MYPRINCEGEORGENOW.COM — Unprecedented volatility.

Those are probably the two best words to describe lumber prices.

Earlier this week, prices reached a new record with trading futures for May reaching over $1,500 per thousand board feet.

While BC lumber producers are reaping the benefits, organizations like the US National Association of Homebuilders (NAHB) are calling on newly-elected President Joe Biden and his government to reach a new long-term trade contract when it comes to Canadian softwood lumber.

On April 22nd, a letter was penned to United States Trade Representative Katherine Tai stating lumber prices have tripled when compared to the same month last year.

In an interview with Vista Radio, Council of Forest Industries President Susan Yurkovich likes the fact the NAHB is advocating for an end to this problem.

“The duties get priced into the cost of lumber. It’s been very curious to us that the industry in the US has basically been allowed to tax their own consumers by putting in this unsound duty on Canadian imports of lumber.”

“When you have a high-priced environment as we do right now because of where supply and demand are it’s exacerbated by having these duties applied to Canadian lumber.”

Yurkovich added the higher lumber prices are part in parcel of a massive disruption to the supply chain once the COVID-19 pandemic threw the industry another curveball.

“When had a massive disruption in 2020 when virtually all of our production shut down for at least for a period of time.”

“When we got back up and running, we had very strong demand from the repair and remodeling sector but also very strong housing demand. That’s because there has been an underbuild in the US for quite some time and you have a large demographic group moving into the household formation.”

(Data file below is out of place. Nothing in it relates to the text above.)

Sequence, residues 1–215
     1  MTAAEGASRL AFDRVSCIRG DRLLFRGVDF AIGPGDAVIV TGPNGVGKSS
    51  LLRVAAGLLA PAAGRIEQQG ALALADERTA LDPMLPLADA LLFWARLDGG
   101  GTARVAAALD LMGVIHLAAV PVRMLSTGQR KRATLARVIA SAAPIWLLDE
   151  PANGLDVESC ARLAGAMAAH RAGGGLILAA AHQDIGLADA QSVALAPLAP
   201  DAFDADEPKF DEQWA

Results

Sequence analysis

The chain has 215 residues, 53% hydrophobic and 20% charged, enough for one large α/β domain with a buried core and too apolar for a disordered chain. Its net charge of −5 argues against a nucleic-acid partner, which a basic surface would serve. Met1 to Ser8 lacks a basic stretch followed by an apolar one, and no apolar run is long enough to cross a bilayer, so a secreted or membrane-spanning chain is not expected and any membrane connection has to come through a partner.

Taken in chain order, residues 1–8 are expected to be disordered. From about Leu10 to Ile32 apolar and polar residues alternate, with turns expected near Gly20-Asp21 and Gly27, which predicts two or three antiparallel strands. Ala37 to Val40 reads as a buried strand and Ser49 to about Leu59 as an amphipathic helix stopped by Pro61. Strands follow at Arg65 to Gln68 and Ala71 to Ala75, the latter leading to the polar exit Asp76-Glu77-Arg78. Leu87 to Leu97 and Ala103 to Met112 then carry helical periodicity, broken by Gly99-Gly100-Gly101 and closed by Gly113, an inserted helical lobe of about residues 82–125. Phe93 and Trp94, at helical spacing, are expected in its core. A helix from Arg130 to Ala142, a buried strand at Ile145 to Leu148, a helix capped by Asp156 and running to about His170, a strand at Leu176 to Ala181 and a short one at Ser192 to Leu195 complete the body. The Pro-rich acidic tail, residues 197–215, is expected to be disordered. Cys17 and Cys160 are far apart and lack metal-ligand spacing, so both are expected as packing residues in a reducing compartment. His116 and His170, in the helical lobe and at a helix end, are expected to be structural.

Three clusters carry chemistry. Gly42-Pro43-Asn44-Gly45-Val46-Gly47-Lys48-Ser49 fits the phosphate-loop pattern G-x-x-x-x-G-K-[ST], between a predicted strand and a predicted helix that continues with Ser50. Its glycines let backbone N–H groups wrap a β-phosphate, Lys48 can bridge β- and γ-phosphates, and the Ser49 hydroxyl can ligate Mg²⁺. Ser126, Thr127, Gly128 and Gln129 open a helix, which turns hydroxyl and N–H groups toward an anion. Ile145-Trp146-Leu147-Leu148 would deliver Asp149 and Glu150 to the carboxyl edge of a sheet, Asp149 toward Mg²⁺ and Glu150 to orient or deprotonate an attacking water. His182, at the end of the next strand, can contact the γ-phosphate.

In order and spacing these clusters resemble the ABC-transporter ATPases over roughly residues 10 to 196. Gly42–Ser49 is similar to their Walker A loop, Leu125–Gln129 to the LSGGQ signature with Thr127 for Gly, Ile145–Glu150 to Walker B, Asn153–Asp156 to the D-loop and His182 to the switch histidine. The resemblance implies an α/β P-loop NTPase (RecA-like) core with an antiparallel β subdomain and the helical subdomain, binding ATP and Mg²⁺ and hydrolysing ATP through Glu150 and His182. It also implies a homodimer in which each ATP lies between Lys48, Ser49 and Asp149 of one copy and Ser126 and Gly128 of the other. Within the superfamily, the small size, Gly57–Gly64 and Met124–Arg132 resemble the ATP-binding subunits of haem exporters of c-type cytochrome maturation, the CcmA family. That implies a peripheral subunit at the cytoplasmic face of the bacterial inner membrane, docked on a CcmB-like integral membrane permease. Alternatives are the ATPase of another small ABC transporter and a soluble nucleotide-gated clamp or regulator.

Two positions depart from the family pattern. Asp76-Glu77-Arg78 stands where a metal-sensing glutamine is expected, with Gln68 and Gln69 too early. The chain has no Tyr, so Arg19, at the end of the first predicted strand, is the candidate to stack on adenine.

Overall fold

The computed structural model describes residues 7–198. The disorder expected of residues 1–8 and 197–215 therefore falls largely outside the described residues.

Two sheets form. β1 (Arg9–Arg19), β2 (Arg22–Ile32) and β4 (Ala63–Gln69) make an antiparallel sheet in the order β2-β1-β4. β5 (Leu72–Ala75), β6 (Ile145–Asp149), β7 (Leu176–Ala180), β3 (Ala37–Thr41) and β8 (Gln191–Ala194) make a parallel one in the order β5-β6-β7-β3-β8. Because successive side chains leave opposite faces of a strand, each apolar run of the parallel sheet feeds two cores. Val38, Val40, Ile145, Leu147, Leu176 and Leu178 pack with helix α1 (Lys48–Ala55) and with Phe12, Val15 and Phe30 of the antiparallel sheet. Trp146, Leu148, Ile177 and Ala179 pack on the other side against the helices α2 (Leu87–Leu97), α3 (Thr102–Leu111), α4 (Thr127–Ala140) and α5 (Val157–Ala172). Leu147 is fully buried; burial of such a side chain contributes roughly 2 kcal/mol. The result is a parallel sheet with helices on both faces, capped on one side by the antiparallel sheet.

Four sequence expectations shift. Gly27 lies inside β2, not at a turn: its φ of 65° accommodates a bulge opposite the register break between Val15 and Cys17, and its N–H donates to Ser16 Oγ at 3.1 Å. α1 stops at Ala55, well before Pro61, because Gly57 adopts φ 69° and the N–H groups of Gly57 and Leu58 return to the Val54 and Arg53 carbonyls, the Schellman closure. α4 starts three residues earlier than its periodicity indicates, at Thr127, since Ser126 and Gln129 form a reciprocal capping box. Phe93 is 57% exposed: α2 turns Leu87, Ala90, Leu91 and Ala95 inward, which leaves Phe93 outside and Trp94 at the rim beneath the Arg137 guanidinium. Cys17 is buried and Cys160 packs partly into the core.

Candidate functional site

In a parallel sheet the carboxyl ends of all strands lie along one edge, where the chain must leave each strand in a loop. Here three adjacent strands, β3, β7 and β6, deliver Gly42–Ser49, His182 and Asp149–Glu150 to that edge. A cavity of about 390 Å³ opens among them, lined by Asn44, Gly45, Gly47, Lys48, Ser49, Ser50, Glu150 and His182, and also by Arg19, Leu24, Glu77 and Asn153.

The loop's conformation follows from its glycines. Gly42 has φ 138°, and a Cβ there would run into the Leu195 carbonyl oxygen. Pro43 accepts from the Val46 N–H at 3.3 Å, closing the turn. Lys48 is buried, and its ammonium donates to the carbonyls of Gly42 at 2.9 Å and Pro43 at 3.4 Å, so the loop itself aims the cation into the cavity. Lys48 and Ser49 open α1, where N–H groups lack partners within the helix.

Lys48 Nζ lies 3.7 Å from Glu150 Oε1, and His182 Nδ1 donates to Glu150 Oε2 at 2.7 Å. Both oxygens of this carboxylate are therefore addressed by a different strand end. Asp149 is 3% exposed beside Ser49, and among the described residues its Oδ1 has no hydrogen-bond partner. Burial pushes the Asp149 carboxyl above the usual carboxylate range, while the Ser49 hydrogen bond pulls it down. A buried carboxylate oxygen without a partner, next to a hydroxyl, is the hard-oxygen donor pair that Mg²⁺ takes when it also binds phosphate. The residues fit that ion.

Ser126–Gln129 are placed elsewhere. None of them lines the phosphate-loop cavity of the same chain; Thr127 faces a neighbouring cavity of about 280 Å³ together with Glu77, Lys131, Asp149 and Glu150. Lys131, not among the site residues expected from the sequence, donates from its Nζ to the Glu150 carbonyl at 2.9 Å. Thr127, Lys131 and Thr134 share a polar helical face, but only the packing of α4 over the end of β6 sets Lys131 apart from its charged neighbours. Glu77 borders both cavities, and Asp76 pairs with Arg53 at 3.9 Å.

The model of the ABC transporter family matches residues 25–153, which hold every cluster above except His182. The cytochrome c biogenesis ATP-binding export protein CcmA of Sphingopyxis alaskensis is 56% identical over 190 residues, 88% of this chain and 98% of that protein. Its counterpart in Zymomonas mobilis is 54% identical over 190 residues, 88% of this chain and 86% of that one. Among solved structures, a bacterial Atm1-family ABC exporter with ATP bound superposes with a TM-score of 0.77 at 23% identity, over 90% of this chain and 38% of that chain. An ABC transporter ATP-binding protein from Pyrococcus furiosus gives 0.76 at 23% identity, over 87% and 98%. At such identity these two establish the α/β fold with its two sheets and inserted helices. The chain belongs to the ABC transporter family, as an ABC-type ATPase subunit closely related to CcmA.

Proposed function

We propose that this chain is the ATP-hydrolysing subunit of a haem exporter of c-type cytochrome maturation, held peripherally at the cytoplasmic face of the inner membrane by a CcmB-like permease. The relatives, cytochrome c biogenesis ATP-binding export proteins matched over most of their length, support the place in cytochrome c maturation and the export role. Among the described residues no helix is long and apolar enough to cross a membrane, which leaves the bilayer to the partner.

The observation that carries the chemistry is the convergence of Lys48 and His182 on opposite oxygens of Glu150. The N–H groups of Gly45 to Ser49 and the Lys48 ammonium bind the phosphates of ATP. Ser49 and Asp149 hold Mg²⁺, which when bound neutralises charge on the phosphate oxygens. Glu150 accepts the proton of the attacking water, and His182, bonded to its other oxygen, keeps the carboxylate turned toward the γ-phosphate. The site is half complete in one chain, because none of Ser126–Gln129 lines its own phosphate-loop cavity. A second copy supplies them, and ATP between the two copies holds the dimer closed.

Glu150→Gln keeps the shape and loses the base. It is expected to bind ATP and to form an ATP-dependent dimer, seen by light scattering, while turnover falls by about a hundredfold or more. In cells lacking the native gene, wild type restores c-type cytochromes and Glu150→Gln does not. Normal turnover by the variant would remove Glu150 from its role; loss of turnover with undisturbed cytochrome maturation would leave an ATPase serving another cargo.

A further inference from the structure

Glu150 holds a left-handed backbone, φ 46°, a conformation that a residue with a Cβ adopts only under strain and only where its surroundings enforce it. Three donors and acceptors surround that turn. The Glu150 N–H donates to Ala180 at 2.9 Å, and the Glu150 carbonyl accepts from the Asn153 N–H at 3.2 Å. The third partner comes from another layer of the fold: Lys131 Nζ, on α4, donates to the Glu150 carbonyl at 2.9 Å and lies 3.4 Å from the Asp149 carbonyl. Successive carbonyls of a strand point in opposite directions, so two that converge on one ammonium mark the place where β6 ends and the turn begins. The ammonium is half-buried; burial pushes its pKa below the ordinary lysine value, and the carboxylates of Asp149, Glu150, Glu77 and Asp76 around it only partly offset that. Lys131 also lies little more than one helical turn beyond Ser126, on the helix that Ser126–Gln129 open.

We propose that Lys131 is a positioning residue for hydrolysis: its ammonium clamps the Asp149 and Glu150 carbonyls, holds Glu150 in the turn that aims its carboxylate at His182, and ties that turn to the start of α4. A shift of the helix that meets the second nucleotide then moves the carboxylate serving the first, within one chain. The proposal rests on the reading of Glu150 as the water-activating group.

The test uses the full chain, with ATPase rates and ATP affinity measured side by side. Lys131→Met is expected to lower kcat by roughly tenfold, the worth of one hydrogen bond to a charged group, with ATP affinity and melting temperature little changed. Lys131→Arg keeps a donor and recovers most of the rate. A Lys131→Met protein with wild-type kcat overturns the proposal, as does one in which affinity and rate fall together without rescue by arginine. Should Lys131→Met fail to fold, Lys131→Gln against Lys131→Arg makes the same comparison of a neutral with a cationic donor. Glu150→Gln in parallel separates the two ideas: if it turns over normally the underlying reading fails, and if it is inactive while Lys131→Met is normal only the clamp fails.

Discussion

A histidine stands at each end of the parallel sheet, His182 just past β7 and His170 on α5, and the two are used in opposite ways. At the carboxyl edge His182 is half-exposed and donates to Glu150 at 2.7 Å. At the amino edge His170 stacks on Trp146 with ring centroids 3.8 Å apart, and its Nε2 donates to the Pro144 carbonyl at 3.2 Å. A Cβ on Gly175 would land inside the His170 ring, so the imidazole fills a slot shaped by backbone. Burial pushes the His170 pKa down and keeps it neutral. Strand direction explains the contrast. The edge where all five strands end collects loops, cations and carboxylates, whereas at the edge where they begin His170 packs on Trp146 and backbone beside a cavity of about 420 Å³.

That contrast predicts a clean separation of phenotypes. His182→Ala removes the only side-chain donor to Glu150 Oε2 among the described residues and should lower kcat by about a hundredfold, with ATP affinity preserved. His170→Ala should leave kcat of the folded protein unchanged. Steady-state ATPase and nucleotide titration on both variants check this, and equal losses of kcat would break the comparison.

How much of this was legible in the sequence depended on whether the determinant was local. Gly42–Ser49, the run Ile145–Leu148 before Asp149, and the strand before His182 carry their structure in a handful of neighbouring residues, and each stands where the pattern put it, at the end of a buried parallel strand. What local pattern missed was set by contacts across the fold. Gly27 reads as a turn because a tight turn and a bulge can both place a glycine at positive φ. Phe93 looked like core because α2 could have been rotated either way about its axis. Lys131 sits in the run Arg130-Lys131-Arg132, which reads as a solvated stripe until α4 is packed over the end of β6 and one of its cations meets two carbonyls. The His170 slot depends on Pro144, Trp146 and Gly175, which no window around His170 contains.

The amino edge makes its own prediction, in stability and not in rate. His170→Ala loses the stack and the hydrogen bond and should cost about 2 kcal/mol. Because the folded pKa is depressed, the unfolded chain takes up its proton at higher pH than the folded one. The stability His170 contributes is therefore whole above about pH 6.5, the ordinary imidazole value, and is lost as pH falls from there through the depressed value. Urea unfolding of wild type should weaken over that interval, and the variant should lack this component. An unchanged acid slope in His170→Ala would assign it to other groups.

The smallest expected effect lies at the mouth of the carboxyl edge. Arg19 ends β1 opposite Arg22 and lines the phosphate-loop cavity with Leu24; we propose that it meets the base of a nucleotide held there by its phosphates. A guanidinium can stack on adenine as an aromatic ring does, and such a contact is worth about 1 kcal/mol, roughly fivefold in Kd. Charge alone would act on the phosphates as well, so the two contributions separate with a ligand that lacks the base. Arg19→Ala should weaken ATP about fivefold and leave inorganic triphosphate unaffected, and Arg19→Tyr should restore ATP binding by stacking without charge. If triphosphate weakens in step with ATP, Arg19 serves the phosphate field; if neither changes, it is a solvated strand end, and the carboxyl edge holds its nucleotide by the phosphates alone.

She adds low inventory levels are also having an impact on building materials such as panel products, doors, windows, and appliances.

“However, there is an opportunity to at least address part of that price impact by addressing these unwarranted duties on Canadian lumber that goes to the United States.”

Pandemic aside, Yurkovich stated the first quarter of this year has been challenging to say the least for the forest industry.

“You know, if you think back a year ago, prices were under $300 and now our lumber futures are up between $1500 and $1600 per thousand board feet range – unprecedented volatility, just a massive swing.”

Yurkovich mentioned the market challenges we are seeing are not specific to North America.

“You have to remember that supply chains across the globe have been affected by this pandemic. Materials that are coming from places that are impacted by transportation are playing a role in the current pricing.”

The NAHB noted to Tai the antidumping and countervailing duties along with tariffs on other products are contributing to higher construction costs, leading to more expensive housing.

See more HERE.

The Working Forest